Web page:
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Article

Tourism Information Diffusion through SNSs: A Theoretical Investigation

1
Institute of Remote Sensing and Earth Sciences, Hangzhou Normal University, Hangzhou 311121, China
2
Zhejiang Provincial Key Laboratory of Urban Wetlands and Regional Change, Hangzhou 311121, China
3
School of Earth and Planetary Sciences, Curtin University, Perth 6845, Australia
4
Faculty of Business and Law, School of Marketing, Curtin University, Perth 6845, Australia
*
Author to whom correspondence should be addressed.
Sustainability 2020, 12(5), 1731; https://doi.org/10.3390/su12051731
Received: 16 December 2019 / Revised: 7 February 2020 / Accepted: 19 February 2020 / Published: 26 February 2020
(This article belongs to the Special Issue Social Media Influence on Consumer Behaviour)

Abstract

:
Social networking sites (SNSs) are known to have a role in promoting tourism and influencing how it is marketed to consumers, but there seems to be few deep analyses of SNS’s efficacy in tourists’ decision making and destination promotion. To address this, we present Tourism Information Diffusion Ecosystem (TIDE), a novel theoretical framework to help understand this system of tourism SNS information diffusion. TIDE defines who participates in the system, what roles participants play in distributing tourist information contained within user-generated content, how content within a network is distributed, and if this user-generated information, once diffused, has been transferred into tourists’ visiting actions, and the reasons why these actions have been generated. We discovered user typologies and the powerful characteristics of this network structure to be important factors affecting visiting actions in choosing particular tourist destinations.

1. Introduction

Social networking sites (SNSs), and the information they reveal, are of great value in tourism destination marketing [1]. Social media postings, such as blogs and microblogs, collaborative projects, and community content, through which tourists share their feedback as user-generated content (UGC) and electronic word-of-mouth, are considered to be reliable sources of information about travel experiences, recommendations and product reviews [2].
Social network analysis and information diffusion has been applied to many areas of tourism research, including the willingness to share tourist information [3], leadership of information sharers [4], ecosystem networks [5], online travel marketing [6,7], knowledge communication and transfer within a destination network [8], collaboration and cooperation of a stakeholder network in tourism destinations [9,10], creative entities of stakeholder networks in tourism destinations [11], tourism facility management [12], policy diffusion [13] and tourism research collaboration [14]. The literature is significant on tourism information diffusion from a mathematical, social or physics perspective [15], however few studies have focused on:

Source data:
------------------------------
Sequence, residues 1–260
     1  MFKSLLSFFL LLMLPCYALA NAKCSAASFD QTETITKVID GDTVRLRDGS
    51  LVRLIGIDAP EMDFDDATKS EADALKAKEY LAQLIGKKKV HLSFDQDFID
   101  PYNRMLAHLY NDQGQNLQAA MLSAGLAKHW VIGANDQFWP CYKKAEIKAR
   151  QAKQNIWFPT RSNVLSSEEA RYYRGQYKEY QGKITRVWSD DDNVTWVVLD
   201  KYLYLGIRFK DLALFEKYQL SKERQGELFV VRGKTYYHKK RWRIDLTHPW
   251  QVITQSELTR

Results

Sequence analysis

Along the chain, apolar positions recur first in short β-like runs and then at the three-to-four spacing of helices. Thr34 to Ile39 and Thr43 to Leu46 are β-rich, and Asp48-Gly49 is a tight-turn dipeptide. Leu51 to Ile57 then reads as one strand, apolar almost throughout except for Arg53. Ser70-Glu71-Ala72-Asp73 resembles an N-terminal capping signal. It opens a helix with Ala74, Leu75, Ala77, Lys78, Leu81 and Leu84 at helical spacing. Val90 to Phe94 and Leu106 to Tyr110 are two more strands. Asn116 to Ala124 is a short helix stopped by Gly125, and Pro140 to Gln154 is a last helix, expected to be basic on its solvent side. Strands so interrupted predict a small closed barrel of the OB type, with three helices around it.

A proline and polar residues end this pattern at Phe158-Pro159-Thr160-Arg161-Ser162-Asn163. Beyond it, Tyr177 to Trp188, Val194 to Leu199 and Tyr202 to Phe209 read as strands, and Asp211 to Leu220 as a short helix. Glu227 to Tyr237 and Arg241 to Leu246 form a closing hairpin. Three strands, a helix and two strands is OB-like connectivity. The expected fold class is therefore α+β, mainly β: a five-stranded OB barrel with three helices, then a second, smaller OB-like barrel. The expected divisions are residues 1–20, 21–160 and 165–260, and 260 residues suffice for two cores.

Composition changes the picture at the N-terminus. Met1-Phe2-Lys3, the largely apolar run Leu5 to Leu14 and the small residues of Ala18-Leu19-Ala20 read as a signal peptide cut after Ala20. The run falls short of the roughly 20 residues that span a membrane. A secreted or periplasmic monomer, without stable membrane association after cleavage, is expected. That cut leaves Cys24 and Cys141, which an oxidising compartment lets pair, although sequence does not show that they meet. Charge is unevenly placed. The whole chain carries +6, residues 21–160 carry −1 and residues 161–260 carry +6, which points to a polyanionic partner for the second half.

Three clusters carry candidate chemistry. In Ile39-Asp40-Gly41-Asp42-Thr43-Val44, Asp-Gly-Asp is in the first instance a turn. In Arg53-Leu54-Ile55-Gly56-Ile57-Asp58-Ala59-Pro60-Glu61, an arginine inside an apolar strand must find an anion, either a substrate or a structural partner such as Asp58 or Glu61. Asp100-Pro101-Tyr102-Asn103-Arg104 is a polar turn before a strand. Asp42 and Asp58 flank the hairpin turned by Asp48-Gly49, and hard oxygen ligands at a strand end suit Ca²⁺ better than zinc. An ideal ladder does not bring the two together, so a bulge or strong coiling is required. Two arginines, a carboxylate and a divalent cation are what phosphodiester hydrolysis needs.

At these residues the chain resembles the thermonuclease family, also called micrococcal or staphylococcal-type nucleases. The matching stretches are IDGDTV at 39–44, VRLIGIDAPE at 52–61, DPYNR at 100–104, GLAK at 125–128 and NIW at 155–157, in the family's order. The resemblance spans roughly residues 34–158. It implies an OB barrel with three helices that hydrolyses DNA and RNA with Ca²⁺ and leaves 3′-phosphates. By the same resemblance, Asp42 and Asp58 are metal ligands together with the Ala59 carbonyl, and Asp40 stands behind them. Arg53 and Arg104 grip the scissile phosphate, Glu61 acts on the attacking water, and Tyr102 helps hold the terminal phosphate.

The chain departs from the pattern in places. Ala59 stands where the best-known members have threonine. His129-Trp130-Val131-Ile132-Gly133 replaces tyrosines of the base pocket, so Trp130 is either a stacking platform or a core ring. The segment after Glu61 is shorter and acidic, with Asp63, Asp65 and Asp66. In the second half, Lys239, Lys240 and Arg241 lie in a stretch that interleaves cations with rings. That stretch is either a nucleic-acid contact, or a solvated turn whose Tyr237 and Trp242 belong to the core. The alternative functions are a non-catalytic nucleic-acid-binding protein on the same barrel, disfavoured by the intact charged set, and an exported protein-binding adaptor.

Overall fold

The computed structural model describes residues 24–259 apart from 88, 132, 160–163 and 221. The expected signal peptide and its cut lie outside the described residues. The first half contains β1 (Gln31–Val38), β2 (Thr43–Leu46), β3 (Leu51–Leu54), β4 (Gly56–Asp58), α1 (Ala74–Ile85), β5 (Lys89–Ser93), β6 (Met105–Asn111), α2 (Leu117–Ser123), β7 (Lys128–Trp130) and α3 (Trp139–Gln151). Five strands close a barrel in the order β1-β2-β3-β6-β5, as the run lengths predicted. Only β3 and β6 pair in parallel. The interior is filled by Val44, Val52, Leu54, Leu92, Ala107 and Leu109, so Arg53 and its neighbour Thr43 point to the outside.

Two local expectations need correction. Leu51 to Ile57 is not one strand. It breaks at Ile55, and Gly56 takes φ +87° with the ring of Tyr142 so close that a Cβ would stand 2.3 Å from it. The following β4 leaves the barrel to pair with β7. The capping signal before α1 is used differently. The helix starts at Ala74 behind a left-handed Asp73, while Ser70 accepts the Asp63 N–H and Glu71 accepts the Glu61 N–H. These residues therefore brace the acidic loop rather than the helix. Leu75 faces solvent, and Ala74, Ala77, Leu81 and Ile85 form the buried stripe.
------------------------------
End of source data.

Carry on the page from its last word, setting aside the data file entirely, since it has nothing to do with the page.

• evaluating SNSs’ efficacy in tourism destination promotion quantitatively, and;
  • the mechanisms for sharing tourism information through SNS platforms from a holistic and systematic point of view [16].
New methods, models and theories are needed to understand this innovative and complex information distribution channel.
To this end, we present Tourism Information Diffusion Ecosystem (TIDE), our theoretical framework inspired by the whole tourism system [17], the business ecosystem of holistic sustainable systems [18] and General System Theory [19]. TIDE incorporates earlier research in information science, network science and tourism studies to understand the evolution of tourism information dissemination along social networks. TIDE defines who participates, what roles participants play within UGC tourist information distribution, how UGC is distributed along social networks, and if the user-generated content has transferred into tourists’ visiting actions, the reasons why these actions have been generated. We will define the structure, process, function and outcome of TIDE.